I’m sitting at my desk eating my second bowl of homemade caramel corn! I know
I should be shot, but this stuff is addicting. Make this old-fashioned delight and
you’ll have another bowl too. This delicious recipe started out with my dental
hygienist. I know, interesting person to get a caramel corn recipe from, huh? I
made a few modifications of my own and I’m head over heels nuts about this
You will notice from the recipe below that I am using English Toffee syrup. If you
cannot access flavored syrups then go back to a teaspoon of vanilla or maybe
even butter rum extract. Start with one teaspoon and then temper the amount
from there. One of my friends had an interesting idea. She suggested using Kool-
Aid for the flavor giving the options of more bright colors. Remember if you try
this that you will need to use the packets that have no sugar or imitation sugar
included in the packet. And you may need to change from brown sugar back to
white sugar. On the corn syrup I have been using the ‘light corn syrup’ with no
When it’s time to bake the corn here are a few suggestions. Consider using a
13 quart metal bowl for stirring the sauce into the popcorn. If you are lucky this
bowl will fit in your oven and you can just stir the corn in one dish. In my work
kitchen this doesn’t work so we divide the popcorn between two roaster pans
which makes it much easier to stir every 15 minutes. Carmel corn has to be baked
to dry the corn out otherwise it is extremely chewy.
Use a hot-air popcorn popper for this project, microwave popcorn just doesn’t
work. However, I’ve had folks tell me just this past week that you can put 1/8th
of a cup of popcorn kernels inside a brown bag lunch sack. Fold the open end
over a couple of times and cook it in your microwave using the popcorn button. I
haven’t tried this but I’ve been told about it by so many people, it has to work!
Last week I commented on ‘Christmas in July’, well this ‘is’ a good time to start
laying a bit of groundwork for holiday gifts. Wouldn’t it be fun to fill a tin with
your own caramel corn and cinnamon corn? Carmel corn, like kettle corn can go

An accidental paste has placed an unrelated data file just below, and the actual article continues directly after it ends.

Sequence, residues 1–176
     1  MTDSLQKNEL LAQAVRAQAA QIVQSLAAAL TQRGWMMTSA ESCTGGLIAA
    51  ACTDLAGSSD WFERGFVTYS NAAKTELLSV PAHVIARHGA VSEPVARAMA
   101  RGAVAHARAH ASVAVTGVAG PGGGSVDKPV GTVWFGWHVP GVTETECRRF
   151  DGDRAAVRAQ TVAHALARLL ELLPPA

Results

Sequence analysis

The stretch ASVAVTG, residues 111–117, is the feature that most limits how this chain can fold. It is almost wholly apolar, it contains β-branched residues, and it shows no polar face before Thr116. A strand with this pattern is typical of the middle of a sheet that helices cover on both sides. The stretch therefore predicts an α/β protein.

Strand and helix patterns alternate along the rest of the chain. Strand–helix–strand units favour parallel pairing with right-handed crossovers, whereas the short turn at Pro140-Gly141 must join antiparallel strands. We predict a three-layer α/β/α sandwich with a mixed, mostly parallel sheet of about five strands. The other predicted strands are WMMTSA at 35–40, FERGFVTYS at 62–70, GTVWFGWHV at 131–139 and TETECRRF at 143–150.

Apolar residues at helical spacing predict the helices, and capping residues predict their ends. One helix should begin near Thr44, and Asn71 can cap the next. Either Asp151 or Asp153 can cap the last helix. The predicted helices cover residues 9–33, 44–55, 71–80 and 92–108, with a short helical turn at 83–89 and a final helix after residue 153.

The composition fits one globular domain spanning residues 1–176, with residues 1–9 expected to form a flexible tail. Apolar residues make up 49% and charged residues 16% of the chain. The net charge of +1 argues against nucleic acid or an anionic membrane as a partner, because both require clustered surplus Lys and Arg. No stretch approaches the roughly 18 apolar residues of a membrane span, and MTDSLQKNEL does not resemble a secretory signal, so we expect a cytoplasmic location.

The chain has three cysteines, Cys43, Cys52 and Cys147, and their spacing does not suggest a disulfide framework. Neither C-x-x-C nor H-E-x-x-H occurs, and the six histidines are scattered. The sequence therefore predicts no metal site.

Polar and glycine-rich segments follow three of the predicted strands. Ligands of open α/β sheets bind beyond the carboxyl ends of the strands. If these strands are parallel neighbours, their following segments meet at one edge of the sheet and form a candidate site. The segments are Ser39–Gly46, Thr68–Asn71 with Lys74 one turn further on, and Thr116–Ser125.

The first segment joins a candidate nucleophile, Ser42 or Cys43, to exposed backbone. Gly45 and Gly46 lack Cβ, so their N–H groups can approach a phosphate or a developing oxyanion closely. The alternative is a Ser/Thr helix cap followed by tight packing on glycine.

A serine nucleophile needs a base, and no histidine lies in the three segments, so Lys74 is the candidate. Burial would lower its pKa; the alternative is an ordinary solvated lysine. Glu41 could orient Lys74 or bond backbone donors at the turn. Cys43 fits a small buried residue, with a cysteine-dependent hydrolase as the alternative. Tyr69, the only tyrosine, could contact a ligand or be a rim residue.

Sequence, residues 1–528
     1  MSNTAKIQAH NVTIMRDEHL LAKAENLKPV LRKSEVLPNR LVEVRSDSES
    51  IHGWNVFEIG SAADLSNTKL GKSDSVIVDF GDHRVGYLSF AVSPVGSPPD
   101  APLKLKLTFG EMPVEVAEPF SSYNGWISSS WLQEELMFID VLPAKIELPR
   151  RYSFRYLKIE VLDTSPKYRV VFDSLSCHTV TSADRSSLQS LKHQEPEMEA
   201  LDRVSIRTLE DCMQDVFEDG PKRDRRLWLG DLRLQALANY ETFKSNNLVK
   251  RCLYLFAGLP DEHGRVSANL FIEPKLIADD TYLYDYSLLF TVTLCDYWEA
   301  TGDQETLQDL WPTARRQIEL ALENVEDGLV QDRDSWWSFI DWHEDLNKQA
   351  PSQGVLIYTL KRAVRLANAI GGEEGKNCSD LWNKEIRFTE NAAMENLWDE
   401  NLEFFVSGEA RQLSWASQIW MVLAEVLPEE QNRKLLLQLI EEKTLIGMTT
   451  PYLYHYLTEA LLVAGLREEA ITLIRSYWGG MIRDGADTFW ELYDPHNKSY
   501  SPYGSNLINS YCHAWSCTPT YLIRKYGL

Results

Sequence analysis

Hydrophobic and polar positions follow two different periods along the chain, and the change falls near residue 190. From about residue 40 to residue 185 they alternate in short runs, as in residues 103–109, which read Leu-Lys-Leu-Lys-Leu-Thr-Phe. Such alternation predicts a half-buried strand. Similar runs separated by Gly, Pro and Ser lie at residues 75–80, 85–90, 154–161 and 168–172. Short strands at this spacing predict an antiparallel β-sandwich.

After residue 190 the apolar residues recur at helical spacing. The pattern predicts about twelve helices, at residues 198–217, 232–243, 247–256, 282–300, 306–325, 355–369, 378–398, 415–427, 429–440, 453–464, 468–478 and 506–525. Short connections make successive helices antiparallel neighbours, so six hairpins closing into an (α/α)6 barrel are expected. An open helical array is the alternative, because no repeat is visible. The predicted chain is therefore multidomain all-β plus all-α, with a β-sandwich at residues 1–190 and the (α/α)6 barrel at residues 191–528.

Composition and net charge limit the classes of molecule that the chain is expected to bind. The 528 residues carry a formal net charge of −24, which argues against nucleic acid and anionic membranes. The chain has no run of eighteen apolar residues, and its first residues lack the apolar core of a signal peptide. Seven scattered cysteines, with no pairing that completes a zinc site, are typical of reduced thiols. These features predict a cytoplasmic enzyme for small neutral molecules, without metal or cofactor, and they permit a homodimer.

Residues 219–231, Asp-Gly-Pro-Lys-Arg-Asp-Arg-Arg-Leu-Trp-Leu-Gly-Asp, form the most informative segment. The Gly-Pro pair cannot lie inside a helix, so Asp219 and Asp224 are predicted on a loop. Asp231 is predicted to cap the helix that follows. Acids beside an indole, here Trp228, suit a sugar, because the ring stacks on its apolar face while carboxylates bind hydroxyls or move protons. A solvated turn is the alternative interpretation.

in the deep freeze, I just wouldn’t leave it for a long period of time.
This will be one time when I tell readers to NOT use parchment paper while
baking the caramel corn. It just doesn’t work, and to be honest your pans don’t
get all that sticky during the baking.
Let’s discuss the final step in making the caramel corn sauce. The baking soda
needs to come into the recipe just after you have removed the sauce from the
heat. You will notice the sauce gets lighter in color and it foams up a bit. As soon
as this happens pour it over the popcorn. The baking soda actually helps aerate
I think I’ve given you enough tips and suggestions to make your next caramel corn
a total success I’m sure you’ll enjoy setting it out in bowls this fall when it’s time
for tailgaters and football games. Perhaps you should do a practice run first. It’s
really not hard and it’s usually enjoyed by all ages.
Have an outstanding week everyone. Simply yours, The Covered Dish.
8 quarts of air popped popcorn (approx. 1 cup of kernels)
1 cup butter, (two sticks)
2 cups lightly packed light brown sugar
1/2 teaspoon salt
1/2 cup Karo syrup
1 tablespoon English Toffee Syrup
1/2 teaspoon baking soda
Pop the popcorn and using two different bowls remove all unpopped kernels.
In a saucepan place the butter, sugar, salt, karo syrup and English toffee syrup.
Cook over medium heat until the mixture begins to boil. Boil and stir for about
five minutes, remove from heat and add the baking soda, stirring. As the sauce
lightens and sorta’ foams up it’s time to start pouring it over the popcorn. Gently
stir the popcorn to coat. Place in two roaster pans and bake in a 250 degree
oven for one hour stirring the popcorn at 15 minute intervals. Cool to room
temperature and bag.